"We haven't had anything stolen for a long time. We had to replace the fencing and it cost enough," he said.

Jim Hurst, branch manager of Lancaster Bobcat along Rt. 272 near Ephrata, Pa., said two skid loaders were taken from the dealership sometime during the early morning hours of Nov. 1.

A Bobcat A300 skid steer loader with a bucket attachment and an S185 skid loader were stolen.

The skid loaders were parked in a row and appear to have been targeted.

"They must have specific reasons for them," Hurst said.

The wiring in the machines parked in front of the dealership are disabled to a certain extent, Hurst said. "The average person would not know what to do," but that didn't stop the thieves. "They were clever enough to pull that out."

Hurst said tire marks found the next day indicate the machines were either towed or driven behind a dimly lit building next to the dealership, Rhino Construction Company, where they were likely loaded onto a truck.

"They loaded them up behind his building which is pretty well isolated out there. We could see the dual wheel tire marks from some truck," he said.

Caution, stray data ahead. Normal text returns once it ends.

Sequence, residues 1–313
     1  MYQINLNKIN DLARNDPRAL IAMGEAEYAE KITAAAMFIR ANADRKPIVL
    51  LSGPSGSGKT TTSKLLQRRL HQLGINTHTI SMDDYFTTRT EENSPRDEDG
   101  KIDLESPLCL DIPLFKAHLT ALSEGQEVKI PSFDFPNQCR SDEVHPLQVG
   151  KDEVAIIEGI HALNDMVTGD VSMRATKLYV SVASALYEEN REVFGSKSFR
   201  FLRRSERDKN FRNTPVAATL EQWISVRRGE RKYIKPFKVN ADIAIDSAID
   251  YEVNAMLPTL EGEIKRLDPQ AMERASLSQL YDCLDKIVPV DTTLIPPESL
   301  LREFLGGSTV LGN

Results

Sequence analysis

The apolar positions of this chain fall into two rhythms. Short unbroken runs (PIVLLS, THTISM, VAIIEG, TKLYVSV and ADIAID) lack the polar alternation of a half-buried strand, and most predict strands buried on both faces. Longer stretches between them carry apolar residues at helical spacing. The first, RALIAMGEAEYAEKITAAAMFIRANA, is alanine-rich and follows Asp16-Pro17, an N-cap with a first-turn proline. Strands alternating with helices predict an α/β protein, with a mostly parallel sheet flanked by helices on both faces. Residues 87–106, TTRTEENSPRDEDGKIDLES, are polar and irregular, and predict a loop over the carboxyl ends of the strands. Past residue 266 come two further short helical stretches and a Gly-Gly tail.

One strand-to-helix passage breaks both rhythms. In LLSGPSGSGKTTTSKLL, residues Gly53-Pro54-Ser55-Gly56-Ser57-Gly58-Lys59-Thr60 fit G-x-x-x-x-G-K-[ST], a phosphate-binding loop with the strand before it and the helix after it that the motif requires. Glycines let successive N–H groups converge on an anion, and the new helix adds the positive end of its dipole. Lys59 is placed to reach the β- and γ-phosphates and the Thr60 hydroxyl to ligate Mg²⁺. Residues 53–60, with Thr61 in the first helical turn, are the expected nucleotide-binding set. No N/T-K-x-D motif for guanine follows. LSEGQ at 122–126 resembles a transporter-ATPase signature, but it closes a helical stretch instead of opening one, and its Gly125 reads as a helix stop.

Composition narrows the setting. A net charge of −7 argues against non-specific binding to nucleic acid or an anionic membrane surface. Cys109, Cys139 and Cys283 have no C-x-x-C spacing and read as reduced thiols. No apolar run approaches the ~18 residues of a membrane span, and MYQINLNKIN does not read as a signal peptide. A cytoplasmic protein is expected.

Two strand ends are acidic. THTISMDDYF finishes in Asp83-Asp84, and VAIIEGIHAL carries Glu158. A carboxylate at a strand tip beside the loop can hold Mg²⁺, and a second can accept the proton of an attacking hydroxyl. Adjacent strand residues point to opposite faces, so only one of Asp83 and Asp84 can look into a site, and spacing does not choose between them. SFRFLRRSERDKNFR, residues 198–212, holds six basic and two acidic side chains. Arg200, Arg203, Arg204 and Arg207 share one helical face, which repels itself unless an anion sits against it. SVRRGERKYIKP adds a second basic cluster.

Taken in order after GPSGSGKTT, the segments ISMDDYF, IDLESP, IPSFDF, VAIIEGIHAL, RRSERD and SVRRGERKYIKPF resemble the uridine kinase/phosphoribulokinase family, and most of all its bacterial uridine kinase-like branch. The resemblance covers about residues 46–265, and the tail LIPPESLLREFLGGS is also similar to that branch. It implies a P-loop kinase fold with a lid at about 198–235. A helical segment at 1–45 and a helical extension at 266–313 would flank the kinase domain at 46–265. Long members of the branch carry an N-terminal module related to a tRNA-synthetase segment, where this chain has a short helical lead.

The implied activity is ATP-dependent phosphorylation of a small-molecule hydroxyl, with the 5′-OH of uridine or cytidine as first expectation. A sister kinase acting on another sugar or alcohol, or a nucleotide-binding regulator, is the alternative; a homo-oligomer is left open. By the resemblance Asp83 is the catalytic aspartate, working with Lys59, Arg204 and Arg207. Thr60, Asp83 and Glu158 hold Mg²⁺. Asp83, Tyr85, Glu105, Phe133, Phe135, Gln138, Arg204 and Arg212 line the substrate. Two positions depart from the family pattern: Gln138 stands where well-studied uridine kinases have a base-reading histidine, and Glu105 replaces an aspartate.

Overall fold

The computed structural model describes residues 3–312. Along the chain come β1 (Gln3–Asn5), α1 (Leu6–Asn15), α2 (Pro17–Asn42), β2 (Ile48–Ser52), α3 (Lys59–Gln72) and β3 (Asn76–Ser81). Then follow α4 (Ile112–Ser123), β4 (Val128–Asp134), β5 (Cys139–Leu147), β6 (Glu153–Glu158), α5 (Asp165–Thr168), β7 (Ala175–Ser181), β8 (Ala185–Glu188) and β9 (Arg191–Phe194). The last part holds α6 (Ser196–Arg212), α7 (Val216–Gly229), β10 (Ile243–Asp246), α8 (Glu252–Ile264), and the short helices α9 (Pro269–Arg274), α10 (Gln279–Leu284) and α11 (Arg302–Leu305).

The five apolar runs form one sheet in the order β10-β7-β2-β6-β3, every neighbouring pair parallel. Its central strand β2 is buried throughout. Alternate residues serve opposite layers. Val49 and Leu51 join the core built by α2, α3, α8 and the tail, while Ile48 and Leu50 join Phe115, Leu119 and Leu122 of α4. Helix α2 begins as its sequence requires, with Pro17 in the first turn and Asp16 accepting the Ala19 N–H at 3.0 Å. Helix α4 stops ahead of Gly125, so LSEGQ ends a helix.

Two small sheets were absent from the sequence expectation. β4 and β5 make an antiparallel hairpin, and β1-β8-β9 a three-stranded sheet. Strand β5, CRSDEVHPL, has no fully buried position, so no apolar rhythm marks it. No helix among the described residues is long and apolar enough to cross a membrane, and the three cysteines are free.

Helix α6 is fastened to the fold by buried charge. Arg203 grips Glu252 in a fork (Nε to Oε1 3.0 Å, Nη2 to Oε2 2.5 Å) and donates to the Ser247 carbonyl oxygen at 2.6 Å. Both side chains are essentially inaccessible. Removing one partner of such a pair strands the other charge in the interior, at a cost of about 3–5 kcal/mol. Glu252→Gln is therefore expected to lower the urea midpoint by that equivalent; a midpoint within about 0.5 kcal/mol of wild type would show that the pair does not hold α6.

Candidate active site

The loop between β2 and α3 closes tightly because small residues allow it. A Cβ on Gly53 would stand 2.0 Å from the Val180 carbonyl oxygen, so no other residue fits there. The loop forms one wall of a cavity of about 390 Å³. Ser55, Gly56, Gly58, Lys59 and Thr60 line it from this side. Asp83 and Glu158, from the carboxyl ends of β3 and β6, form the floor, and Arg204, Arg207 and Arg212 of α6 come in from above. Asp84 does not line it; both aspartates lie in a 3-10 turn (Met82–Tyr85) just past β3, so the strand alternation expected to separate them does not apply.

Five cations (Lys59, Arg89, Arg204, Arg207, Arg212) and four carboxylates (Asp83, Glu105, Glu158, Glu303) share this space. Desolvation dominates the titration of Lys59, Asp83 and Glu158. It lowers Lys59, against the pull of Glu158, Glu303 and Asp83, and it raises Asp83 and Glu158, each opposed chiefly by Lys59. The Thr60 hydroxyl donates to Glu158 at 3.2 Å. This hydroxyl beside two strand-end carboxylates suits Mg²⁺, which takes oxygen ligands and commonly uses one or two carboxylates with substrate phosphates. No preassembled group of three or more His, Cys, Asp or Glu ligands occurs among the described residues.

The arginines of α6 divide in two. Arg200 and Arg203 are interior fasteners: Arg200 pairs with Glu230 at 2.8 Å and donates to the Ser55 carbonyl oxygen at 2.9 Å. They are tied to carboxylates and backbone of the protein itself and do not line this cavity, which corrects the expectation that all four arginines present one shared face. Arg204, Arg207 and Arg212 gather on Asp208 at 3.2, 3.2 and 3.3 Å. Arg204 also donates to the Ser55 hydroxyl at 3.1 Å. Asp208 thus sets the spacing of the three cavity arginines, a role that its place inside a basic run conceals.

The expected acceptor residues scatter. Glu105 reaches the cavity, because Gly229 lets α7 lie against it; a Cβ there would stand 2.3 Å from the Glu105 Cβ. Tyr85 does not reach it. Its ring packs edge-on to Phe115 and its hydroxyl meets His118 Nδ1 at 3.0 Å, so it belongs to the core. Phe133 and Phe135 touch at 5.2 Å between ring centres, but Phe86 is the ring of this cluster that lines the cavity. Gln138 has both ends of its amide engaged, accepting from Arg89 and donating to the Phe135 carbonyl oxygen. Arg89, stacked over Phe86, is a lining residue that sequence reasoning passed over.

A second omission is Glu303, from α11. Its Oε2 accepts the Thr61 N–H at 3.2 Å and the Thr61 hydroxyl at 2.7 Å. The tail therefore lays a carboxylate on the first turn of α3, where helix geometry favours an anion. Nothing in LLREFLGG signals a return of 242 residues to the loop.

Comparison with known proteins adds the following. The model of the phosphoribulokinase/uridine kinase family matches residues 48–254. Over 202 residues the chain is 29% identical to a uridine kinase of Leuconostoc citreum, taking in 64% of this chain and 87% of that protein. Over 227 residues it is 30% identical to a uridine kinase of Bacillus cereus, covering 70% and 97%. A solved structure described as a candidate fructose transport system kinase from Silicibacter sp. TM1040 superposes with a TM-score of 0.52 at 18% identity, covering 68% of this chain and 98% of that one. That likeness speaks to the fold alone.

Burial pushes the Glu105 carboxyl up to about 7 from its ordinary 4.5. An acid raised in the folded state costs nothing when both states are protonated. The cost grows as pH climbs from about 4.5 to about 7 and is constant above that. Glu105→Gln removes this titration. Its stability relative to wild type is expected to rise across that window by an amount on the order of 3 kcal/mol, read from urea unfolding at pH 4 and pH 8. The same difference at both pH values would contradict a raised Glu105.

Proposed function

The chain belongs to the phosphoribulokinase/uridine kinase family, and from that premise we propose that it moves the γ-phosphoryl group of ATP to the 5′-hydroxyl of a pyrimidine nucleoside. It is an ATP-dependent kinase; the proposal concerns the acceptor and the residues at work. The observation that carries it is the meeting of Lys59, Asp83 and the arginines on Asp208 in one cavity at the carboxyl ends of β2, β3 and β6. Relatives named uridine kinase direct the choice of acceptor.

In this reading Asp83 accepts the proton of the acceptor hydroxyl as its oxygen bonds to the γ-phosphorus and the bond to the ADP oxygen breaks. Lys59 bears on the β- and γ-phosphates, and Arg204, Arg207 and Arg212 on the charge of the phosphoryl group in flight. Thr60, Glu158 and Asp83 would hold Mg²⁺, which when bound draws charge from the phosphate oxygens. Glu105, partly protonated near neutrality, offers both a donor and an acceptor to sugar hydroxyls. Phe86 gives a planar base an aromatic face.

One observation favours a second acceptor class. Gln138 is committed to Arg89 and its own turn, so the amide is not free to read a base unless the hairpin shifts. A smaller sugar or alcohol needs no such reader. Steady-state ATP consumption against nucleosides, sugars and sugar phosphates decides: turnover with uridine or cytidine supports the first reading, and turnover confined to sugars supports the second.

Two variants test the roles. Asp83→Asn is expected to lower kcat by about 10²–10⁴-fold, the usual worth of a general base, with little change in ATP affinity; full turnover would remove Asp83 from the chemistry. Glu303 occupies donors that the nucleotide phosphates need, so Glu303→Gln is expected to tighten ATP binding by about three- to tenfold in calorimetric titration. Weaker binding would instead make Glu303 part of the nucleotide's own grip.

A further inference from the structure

Close said the fact that most of the machines are being driven or towed from the dealerships with little or no evidence left behind indicates that the thefts may be the work of an organized group.

"They are definitely not amateurs. They know exactly what they are doing," he said. "These trucks they are putting them in are enclosed. Also, with a lot of the tractors, one key will fire everything up," unlike cars where each car has a unique key.

"It's easy to get these keys. Those keys can be hanging up on the wall of a sales office, at farm shows and other places," he said.

Reading Kubota moved into a new building in 2006, complete with enhanced security measures.

That didn't stop thieves from stealing three utility vehicles and two commercial front mowers from the dealership in early October.

Ann Doberstein, general manager of Reading Kubota, found that the rings in the fencing that surrounds the building were actually cut, which prevented the alarm from going off. That alarm, if activated, would have alerted local police.

Since then, Doberstein said the owner has spent thousands in security upgrades including a new fence and more cameras.

"It's more money you're spending in a year when business has been soft," Doberstein said.

Close said NEDA is urging equipment dealers be more vigilant by beefing up lighting and fencing-in equipment.

"Lighting is an issue at these dealerships," he said.

Dealers can also purchase identification tags, which work through Global Positioning System (GPS) technology, and cost around $100 per piece of equipment.

These can be very useful to track a stolen item once it is taken from a lot.

Dealers who experience a theft are urged to contact their local police.

"Get the cameras out, light it up, fence it in. We're trying to make (dealers) more aware and proactive about this," Close said.